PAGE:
Greetings from Thailand!
I'm just a few hours into reintegration with the rest of the world after spending 7 days at a Vipassana silent meditation retreat in Koh Samui, and I feel refreshed and with new perspective having had the experience.
Without question, it was pretty hard. Dormitory-style accommodation, 4:30 AM wake ups, 5-6 hours of meditation, all in complete silence. Day 2 & 3 were the peak of the discomfort of adjusting to the routine and the quiet, but once past that it was a beautiful experience.
I experienced some of the deepest and most calming meditative states of my life, and there were some fascinating talks by monks and those putting together the retreat on mindfulness and Buddhism.
I actually didn't miss my phone at all, and it was almost with reluctance that I turned it on again to get up to speed on all the ways the world continued to revolve while I was gone.
In fact this was among the chief insights I gained from the experience - the myriad of little distractions of a busy life have led me to spend too much time in a reactive, un-conscious, un-present state. This insight isn't an indictment of myself, but rather an invitation for me to reconsider what it means to be present.
There are just so many notifications, emails, messages, news headlines etc that grab our attention and distract us from the present moment...and when you step away from them all, it really becomes apparent just how unimportant most of it really is.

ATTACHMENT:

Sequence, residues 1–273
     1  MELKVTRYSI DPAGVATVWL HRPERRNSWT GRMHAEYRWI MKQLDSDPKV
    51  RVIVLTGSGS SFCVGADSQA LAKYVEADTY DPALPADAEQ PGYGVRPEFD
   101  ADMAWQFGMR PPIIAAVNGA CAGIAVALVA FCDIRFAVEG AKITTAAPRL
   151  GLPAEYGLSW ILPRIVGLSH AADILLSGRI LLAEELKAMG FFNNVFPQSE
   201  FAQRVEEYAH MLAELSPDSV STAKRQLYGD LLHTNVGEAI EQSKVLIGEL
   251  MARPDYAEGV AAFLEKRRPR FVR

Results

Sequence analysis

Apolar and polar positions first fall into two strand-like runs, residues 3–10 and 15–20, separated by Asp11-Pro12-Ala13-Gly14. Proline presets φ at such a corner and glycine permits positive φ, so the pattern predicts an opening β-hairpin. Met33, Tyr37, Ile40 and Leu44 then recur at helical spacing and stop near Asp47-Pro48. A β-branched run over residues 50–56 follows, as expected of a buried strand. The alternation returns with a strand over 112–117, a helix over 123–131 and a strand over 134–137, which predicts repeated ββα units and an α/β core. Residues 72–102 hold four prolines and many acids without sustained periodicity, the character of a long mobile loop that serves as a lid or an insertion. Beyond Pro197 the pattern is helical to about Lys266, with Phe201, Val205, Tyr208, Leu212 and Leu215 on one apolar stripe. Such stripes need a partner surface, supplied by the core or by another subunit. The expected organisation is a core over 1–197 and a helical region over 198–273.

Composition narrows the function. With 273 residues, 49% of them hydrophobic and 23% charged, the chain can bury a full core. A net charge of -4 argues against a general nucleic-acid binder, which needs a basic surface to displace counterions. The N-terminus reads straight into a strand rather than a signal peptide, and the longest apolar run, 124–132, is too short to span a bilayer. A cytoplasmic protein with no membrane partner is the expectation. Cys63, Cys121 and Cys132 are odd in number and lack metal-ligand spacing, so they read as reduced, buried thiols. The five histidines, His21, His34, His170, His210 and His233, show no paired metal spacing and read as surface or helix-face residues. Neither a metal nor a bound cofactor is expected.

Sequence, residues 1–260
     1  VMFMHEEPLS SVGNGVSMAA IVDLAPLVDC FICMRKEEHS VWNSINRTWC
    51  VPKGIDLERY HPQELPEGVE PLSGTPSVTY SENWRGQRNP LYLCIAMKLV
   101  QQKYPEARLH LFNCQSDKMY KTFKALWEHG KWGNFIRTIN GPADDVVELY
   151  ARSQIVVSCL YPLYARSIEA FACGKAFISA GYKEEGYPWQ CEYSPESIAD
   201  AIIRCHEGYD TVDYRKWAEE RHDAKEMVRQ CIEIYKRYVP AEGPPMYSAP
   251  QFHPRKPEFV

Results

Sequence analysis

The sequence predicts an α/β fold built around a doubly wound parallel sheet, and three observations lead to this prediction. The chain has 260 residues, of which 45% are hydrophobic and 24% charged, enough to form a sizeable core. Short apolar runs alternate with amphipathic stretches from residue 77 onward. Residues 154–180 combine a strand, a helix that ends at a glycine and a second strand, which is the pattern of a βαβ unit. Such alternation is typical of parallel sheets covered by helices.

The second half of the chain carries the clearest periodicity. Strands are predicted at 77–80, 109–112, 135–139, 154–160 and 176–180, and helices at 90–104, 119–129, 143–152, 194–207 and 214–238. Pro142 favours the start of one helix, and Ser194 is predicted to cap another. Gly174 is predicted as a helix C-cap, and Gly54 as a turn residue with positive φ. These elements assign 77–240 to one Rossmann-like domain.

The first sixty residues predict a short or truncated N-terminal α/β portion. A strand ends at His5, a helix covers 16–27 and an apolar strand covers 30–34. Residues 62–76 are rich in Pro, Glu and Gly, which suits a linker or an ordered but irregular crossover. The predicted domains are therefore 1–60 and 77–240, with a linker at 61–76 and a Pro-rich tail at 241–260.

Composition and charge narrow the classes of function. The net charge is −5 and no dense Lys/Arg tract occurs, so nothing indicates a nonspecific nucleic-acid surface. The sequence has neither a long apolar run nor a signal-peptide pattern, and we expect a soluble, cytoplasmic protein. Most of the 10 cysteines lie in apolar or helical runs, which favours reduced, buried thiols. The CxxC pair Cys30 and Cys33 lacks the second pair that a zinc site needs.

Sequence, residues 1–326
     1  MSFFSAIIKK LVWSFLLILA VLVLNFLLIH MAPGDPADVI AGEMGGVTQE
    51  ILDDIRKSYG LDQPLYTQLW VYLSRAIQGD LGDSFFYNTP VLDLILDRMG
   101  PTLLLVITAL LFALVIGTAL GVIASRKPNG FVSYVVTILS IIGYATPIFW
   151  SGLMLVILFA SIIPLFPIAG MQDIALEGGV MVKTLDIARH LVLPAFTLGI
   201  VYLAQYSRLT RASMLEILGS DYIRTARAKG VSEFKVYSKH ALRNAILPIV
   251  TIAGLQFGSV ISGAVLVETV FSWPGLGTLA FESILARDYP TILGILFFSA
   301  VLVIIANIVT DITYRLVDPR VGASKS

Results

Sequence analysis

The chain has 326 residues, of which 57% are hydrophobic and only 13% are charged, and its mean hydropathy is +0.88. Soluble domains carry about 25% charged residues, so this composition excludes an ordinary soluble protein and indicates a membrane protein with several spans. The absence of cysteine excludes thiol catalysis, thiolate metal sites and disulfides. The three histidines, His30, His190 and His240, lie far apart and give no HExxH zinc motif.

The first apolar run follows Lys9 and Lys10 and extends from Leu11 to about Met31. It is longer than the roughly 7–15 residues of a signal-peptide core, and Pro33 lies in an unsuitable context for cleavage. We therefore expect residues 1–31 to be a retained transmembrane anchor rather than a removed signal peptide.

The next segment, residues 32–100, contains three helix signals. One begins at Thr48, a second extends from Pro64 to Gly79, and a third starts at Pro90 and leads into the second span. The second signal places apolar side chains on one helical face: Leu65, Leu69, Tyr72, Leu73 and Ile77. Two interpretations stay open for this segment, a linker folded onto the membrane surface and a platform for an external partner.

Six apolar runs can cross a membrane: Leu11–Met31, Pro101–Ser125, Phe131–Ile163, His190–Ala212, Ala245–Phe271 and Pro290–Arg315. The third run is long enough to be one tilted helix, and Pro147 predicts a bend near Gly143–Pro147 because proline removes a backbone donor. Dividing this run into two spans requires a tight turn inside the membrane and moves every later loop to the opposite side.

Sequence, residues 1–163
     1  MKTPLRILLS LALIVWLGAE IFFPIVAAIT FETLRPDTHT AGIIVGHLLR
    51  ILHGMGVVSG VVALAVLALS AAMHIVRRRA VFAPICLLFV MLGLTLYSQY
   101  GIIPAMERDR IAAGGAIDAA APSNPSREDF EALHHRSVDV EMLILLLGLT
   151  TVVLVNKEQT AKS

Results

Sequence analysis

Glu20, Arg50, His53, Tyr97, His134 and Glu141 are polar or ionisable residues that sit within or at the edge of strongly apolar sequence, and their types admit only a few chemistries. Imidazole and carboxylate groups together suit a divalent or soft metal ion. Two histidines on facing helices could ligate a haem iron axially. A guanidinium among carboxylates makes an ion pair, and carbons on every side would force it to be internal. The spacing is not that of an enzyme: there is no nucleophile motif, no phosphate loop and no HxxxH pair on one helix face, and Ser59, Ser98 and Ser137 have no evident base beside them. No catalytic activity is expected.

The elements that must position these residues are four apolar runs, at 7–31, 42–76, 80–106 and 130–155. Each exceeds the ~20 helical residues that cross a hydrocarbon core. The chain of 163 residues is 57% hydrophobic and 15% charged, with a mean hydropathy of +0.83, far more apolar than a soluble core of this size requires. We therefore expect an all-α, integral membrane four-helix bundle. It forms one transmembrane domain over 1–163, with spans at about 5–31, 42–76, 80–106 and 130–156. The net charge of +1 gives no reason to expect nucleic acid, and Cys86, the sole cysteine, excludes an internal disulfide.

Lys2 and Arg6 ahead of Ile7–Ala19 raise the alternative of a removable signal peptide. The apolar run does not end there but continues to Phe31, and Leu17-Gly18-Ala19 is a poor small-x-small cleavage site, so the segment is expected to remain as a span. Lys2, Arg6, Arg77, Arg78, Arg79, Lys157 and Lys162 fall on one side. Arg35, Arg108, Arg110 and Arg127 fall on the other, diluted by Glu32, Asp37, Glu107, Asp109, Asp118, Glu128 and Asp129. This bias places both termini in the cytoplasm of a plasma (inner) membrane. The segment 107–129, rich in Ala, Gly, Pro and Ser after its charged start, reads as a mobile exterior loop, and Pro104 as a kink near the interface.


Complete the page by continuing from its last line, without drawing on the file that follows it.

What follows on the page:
Most of us tend to just accept it all as part of the demands of modern, 'busy' life, but the reality is all the incessant pulls of attention toward the trivial is keeps us our attention from the things that actually do matter.
The very fact that many people can't even imagine going a week without their phones or emails suggests just how much outsized importance they've accumulated in people's lives.
And yet that's it - it's an outsized, inappropriate importance. Now out and slowly reintegrating, I am quite determined to be more present to the vital few things that matter, less to the trivial ones that don't, and more present both in my own company and in the company of friends.
I also intend to bring a renewed mindfulness to travel. Far too often it's very easy to become aggravated and upset at this delay and that airport protocol, and this precisely pulls us out of a state of being presence in the journey.
Once our attention is directed to all our perceived dissatisfactions and victimizing circumstances we lose all joy and excitement...and yet in the bigger picture, such events are truly just not that important. They say where your attention goes, your energy flows, and there are so many wonderful parts of travel to focus on instead.
Would I recommend it to others? Absolutely! The resulting spaciousness of mind can't be achieved without the rigour of the process...and thus it's a treasure hard to come by. Plus I think these kinds of challenges are good for personal evolution.
That said, I will also admit it's not for everyone. Several people left during the retreat, as is common for these things; I salute them still for giving it a shot. Also, you don't need to do a retreat to get the benefits of meditating, A regular practice is enough to have noticeable effects on your peace of mind.
Overall though - it was incredibly freeing to be part of it, and I look forward to bringing a new awareness to life and travel going forward.
Founder, Wheel & Anchor
P.S. We're back with webinars in the next two weeks for Peru and Morocco...please join us should you be interested! You can find registration links here.